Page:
I had intended to publish a review of John Cleese’s autobiography So, Anyway, but I find myself travelling and without my notes. Another time. Instead, as I have a copy of Oliver Sacks’ On the Move: A Life (which I am reading with great enjoyment), I think I want to encourage you to get in the swim with Dr Sacks.
Friends and followers will know that I enjoy swimming and have written a number of posts about it over the years. (Most recently here at Stops and Stories.) One of the positive features of swimming I find is that it clears my mind in a way that allows creative thought. One of the disadvantages, though, is that I have to train myself to hold in my head the great ideas I have while I’m swimming until I can get to either a notepad or a recording device. I was delighted to read, in On the Move, that Dr Sacks had exactly the same problem, though he solved it differently.
In the chapter called “The Bull on the Mountain” he describes a period in the 1970s when he used to spend weeks at a time at a sleepy lakeside resort in upstate New York called Lake Jefferson (Lake Jeff). He writes:
Life at Lake Jeff was healthy and monastic… [I]n the long summer days I would cycle for hours. I would often stop at the old cider mill near the hotel and get two half gallon jugs of hard cider, which I would hang on the handlebars. I love cider, and the half gallons, sipped gradually and symmetrically – a mouthful from this jug, a mouthful from that – would keep me hydrated and slightly tipsy through a long day of cycling.
I’m not really sure that riding around on a bike all day slightly tipsy from regular sips of cider is best described as “monastic”. (Although, to be sure, the monks of Belgium do make their world-renowned beers.) However, Sacks goes on:
…the greatest joy of all was swimming in the placid lake, where there might be an occasional fisherman lounging in a row boat but no motorboats or jetskis to threaten the unwary swimmer… Swimming timelessly, without fear or fret, relaxed me and got my brain going. Thoughts and images, sometimes whole paragraphs, would start to swim through my mind, and I had to land every so often to pour them onto a yellow pad I kept on a picnic table by the side of the lake. I had such a sense of urgency sometimes that I did not have time to dry myself but rushed wet and dripping to the pad.
As a result, these notes for Oliver Sacks’ book (it became A Leg to Stand On) were handwritten, blotted, and almost illegible.
Jim Silberman, my editor and publisher in America, was disconcerted when I send him the Lake Jeff section of the book. He had not received a handwritten manuscript for 30 years, he said, and this one looked as if it had been dropped in the bath. He said it would have to be not just typed but be deciphered, and he sent it to one of his former editors… My illegible, water-stained manuscript with its ragged incomplete sentences, arrows, and indecisive crossings out came back beautifully typed and annotated with wise editorial comments.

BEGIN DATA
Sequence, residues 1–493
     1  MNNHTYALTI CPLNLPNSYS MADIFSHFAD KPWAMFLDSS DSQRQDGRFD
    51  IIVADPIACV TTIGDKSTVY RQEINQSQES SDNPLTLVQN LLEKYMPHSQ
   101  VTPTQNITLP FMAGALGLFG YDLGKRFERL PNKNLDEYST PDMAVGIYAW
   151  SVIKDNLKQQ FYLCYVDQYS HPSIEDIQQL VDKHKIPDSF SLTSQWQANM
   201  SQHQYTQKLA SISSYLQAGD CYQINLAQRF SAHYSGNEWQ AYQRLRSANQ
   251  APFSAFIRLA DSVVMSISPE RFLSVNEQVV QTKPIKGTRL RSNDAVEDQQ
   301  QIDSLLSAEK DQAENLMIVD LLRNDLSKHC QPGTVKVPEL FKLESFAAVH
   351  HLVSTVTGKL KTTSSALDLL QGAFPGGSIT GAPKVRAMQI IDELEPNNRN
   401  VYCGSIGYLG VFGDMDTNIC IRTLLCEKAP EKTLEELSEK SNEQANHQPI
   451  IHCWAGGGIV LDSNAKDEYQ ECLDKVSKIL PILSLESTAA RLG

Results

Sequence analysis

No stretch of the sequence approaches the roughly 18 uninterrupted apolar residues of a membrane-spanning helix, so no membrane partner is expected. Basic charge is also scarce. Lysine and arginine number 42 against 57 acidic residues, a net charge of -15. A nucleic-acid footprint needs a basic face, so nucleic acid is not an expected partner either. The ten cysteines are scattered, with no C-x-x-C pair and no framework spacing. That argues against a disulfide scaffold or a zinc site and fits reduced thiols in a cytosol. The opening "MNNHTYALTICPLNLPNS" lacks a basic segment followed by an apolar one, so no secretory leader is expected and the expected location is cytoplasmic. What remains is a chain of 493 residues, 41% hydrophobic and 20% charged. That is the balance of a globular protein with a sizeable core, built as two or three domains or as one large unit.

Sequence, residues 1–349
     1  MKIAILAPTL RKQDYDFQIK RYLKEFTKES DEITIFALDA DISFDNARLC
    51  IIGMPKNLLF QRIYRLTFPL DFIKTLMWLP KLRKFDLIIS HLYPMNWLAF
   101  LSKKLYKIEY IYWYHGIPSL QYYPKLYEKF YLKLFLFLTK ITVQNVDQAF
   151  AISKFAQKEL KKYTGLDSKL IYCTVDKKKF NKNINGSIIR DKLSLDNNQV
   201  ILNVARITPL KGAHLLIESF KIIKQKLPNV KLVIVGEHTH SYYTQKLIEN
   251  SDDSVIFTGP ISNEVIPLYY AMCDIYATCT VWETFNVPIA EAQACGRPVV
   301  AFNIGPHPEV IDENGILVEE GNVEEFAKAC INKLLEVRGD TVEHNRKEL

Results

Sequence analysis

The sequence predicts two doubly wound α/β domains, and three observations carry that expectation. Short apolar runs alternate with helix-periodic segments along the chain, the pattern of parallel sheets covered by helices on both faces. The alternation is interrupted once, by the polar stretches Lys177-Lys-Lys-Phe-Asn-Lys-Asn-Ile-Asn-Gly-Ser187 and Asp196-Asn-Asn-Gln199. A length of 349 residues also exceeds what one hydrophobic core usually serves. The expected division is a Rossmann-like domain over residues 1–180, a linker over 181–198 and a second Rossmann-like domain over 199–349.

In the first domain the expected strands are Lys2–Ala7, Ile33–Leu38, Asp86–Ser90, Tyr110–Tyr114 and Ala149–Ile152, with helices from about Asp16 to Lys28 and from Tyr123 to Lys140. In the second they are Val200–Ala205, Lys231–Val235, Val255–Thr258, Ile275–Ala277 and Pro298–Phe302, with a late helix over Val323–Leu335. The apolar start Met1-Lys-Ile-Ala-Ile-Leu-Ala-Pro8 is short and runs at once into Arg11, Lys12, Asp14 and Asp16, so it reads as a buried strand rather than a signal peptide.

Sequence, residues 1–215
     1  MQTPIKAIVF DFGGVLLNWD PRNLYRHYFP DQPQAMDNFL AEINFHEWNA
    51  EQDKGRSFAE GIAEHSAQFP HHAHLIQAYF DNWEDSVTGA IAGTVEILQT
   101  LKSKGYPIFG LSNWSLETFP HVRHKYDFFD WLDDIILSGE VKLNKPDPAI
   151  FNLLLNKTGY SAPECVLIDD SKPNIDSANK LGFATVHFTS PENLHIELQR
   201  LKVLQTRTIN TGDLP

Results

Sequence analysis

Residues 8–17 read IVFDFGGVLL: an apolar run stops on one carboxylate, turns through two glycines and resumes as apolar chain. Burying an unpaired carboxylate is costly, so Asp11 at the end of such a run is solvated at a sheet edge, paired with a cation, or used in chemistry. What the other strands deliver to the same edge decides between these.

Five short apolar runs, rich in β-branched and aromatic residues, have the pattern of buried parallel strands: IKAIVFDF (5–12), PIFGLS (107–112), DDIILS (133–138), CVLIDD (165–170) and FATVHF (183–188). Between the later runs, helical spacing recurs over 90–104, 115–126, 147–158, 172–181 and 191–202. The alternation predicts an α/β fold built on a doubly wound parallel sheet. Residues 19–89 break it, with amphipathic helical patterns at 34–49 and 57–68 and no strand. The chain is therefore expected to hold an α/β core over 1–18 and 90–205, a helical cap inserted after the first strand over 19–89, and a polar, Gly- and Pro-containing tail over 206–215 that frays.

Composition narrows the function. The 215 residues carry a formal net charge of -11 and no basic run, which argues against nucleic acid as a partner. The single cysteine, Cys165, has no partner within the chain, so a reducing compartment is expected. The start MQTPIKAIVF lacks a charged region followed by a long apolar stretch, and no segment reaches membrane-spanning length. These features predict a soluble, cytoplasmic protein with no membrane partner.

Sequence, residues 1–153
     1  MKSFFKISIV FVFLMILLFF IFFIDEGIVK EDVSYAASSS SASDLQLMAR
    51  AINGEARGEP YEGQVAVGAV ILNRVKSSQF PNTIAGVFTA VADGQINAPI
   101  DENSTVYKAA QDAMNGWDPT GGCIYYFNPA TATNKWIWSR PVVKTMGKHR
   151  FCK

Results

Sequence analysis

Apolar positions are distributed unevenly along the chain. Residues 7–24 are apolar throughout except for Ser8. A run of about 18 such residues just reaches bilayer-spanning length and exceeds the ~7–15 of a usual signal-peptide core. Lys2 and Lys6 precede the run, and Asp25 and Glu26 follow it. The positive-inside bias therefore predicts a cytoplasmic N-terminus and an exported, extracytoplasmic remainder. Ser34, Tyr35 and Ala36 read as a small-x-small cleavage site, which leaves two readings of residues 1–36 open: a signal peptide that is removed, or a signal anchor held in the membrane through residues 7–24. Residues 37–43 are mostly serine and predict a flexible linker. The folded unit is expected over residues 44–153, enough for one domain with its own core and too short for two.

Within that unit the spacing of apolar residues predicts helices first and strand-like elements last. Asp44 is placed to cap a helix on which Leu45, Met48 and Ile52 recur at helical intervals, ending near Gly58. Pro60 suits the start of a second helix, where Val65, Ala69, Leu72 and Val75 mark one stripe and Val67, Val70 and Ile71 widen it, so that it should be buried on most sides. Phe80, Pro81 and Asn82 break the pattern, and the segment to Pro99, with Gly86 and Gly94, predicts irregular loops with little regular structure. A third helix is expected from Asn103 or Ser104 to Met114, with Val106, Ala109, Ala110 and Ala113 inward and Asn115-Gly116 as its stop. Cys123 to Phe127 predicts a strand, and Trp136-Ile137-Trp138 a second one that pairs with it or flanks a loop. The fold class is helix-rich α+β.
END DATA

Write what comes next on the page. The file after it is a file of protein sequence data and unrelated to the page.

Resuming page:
I can’t help but think that Oliver Sacks’ earlier success – Awakenings – helped. His editors and publishers knew the quality of his writing and were prepared to tolerate a little eccentricity in manuscript submission. If I – or any unknown author – were to submit to a publisher a handwritten manuscript that had been composed poolside, I think I would be guaranteed a rejection.
By the way, reading Oliver Sacks’ book I find myself wondering if he ever met John Cleese. Neither one mentions the other in their respective books, but they were of more or less the same age and they both knew Jonathan Miller. Sacks went to school with Miller in London and they were friends throughout their lives. Miller and John Cleese were both undergraduates at Cambridge University and both members of the Cambridge Footlights, though at slightly different times. Cleese describes how he first saw Jonathan Miller when Miller performed in Beyond the Fringe with Peter Cook, Dudley Moore and Alan Bennett. Later Cleese himself performed with Miller in sketches for The Secret Policeman’s Ball – the series of comedy shows put on in aid of Amnesty.
There is no reason in the world why Cleese and Sacks should have got to know one another and the only reason I associate them now is because I’ve just read both their autobiographies (which both include photos of the respective authors with Miller). But I think they might have enjoyed one another’s company. I imagine them both swimming in Lake Jeff, coming up with ideas at the same time and racing one another to the lakeside to be the first to reach that yellow pad.
Ah the magic of imagination, eh?
The illustratons are borrowed as follows: The partial image at the head of the article is of the cover of the US hardback version of On the Road, the smaller intertextual illustration is of the front cover of the UK paperback edition. The latter is loaned from Oliver Sacks’ own website, the former from the review of the book on the website of the New York Times